NIMC Lists Conditions to Unlock Opportunities in Digital Market

Aliyu Aziz
Director-General of the National Identity Management Commission (NIMC), Aliyu Aziz

Emma Okonji

The National Identity Management Commission (NIMC) has identified seven key conditions necessary to unlock opportunities and potential in Nigeria’s digital market.

The Director-General of NIMC, Aliyu Aziz, who listed the conditions in a paper he presented at the just concluded e-Nigeria conference, said Nigeria must establish, “the right regulatory and industry policies to encourage infrastructure investment in digital infrastructure, such as communications networks, which include broadband, mobile telecoms, internet, online e-government services, and smart cities.”

According to him, the federal government must, “create a stable, predictable and sustainable policy/commercial environment that allows businesses to flourish,” a step that would help in unlocking the country’s digital market thereby allowing the economy to grow.”

Although Nigeria’s population, which is currently at almost 200 million, presents a huge potential, the NIMC boss argued that government needs to put in place focused programmes to “stimulate demand for digital solutions through the promotion of digital skills, digital local content and support for local digital applications” for the opportunities to be fully harnessed.

Speaking further, he said, “Government needs to encourage and implement digital services across all sectors of the economy, and establish economy platforms such as e-commerce, online markets, and entrepreneurship ecosystem, thereby encouraging tech-enabled businesses to turn creativity into value-creating online businesses.”
According to him, “We must introduce digital literacy in our school curriculum in primary and secondary schools, as this will bring about digital skill critical for digital interaction.”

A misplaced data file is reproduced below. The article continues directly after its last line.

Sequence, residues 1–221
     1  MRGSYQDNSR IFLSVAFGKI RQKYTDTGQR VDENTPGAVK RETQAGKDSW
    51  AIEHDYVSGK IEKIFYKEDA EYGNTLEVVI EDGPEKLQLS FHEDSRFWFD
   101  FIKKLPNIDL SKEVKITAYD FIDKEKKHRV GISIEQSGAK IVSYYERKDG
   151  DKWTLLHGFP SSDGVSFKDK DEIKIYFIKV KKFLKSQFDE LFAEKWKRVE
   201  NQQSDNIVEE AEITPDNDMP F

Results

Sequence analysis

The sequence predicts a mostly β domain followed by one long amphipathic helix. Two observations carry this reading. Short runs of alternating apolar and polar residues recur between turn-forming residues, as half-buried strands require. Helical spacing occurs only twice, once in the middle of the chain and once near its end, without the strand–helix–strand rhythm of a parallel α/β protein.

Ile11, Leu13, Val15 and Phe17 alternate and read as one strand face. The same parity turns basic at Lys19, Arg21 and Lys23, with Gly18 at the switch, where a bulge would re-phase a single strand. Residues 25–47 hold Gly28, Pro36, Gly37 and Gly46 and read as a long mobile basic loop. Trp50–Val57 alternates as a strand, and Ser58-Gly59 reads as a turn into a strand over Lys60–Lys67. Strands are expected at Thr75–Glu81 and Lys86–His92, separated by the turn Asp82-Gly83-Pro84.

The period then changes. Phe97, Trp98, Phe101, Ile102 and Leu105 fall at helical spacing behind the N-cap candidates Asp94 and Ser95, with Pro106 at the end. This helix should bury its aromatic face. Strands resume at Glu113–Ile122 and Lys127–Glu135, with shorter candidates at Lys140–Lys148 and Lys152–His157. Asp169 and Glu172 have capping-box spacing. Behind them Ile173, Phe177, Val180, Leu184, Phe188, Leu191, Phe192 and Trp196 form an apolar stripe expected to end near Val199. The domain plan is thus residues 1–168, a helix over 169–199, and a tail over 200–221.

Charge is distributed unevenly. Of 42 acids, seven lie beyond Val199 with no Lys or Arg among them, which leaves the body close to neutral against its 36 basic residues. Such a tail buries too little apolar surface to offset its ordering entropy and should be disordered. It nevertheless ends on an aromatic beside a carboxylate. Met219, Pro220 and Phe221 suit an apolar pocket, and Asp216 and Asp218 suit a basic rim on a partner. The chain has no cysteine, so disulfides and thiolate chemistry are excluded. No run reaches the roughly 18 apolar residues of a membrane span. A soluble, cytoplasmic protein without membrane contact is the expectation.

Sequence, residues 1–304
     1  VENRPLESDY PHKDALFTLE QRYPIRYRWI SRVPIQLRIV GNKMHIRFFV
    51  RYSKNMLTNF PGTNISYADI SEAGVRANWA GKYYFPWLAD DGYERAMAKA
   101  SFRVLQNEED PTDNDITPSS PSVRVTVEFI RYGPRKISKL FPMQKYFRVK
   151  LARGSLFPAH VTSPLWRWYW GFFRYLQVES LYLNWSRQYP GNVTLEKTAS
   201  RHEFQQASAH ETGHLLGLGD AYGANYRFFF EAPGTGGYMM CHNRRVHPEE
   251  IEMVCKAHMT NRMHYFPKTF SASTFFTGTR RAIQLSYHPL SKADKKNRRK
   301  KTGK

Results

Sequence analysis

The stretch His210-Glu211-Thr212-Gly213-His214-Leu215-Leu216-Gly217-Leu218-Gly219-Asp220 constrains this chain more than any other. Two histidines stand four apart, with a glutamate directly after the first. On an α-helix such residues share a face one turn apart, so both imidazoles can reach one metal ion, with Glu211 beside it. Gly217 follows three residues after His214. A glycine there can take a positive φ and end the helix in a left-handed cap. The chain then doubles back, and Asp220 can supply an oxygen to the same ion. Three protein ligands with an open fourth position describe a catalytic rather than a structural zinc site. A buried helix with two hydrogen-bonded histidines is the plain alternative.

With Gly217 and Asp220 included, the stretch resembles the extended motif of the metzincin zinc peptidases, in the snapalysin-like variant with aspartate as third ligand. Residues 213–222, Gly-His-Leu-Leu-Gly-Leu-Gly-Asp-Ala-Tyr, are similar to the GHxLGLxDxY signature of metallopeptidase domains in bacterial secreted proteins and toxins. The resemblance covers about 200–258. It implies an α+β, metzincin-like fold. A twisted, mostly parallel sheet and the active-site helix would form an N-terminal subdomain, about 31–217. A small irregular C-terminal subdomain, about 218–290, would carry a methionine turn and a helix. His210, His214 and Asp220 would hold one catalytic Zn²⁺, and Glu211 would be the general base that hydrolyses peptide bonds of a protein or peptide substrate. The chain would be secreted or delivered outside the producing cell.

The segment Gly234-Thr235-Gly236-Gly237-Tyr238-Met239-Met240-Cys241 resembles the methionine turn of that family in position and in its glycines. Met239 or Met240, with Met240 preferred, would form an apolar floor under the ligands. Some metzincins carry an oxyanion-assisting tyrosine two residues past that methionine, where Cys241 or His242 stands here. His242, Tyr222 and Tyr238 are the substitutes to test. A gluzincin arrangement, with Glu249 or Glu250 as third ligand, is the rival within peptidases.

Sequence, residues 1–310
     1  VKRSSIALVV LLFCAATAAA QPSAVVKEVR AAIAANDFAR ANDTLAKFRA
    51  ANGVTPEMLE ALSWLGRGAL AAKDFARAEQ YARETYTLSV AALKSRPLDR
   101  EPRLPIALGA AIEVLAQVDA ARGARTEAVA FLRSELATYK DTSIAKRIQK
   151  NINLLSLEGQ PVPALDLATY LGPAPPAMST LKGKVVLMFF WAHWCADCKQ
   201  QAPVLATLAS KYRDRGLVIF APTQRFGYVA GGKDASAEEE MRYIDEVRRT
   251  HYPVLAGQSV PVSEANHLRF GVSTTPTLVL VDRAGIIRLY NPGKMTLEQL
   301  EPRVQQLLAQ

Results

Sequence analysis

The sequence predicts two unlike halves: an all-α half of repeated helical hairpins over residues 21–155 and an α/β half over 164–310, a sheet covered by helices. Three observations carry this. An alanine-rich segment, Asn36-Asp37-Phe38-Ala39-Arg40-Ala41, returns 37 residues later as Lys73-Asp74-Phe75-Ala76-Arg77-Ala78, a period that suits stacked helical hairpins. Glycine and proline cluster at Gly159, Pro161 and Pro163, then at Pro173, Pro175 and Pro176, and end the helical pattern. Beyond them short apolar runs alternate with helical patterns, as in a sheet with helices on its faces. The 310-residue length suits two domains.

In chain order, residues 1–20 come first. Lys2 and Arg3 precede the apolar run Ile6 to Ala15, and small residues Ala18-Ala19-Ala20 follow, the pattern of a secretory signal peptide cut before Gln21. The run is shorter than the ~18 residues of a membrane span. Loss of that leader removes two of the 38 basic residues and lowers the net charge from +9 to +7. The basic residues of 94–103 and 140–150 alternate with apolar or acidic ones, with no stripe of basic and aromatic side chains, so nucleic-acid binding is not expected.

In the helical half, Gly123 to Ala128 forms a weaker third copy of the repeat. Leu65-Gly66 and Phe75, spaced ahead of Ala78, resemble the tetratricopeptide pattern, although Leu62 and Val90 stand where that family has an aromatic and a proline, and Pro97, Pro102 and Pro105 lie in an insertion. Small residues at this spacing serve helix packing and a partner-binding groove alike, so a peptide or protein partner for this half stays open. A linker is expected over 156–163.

Aziz, said the provision of digital identity remained critical to everyone in the country, in accessing services physically or electronically.

Stressing that identification, which is the main responsibility and mandate of NIMC, Aziz reminded the audience that one of the 17 Sustainable Development Goals (SDGs) the United Nations set out as blueprint to achieve a better and more sustainable future for all, demands that nations provide legal identity for all including birth registration by the year 2030.

“From the goal, it is very clear that identification plays an important role in enabling the achievement of other SDG targets, such as social protection, rights to economic resources, land and property as well as universal health coverage,” he stated.

As a strategy to fast-track the enrolment of citizens and provide them legal identification, NIMC has stepped up its operations, which has seen the enrolment figure with the unique National Identification Number (NIN) now at over 33 million, up from just seven million three years ago, Aziz said.

The digital identity ecosystem is a framework that leverages on the existing capabilities and infrastructure of distinct government agencies and private sector organisations to carry out enrolment of Nigerians and legal residents into the National Identity Database (NIDB) as well as issuance of the Digital identity, known as the NIN, to give Nigeria a credible and robust identity management system.

Aziz had said the focus of the NIMC for the next three to five years is on the National Identification Number and not on the National e-ID Card.

“We want to make the NIN understandable, acceptable, applicable and appreciated by Nigerians, as an important and intrinsic aspect of their entire life, rather than a physical card, which can be discarded while the number is for life.

“Before now, we were focused on the card but after the country went into recession, we decided to emulate other developed countries like the United States, which issues the Social Security Number; the United Kingdom, with the National Insurance Number; and India where they recently enrolled about 1.4 billion people and issued them the Aadhaar. In all these cases, the emphasis – or perhaps I should say the only thing in focus, is the number.”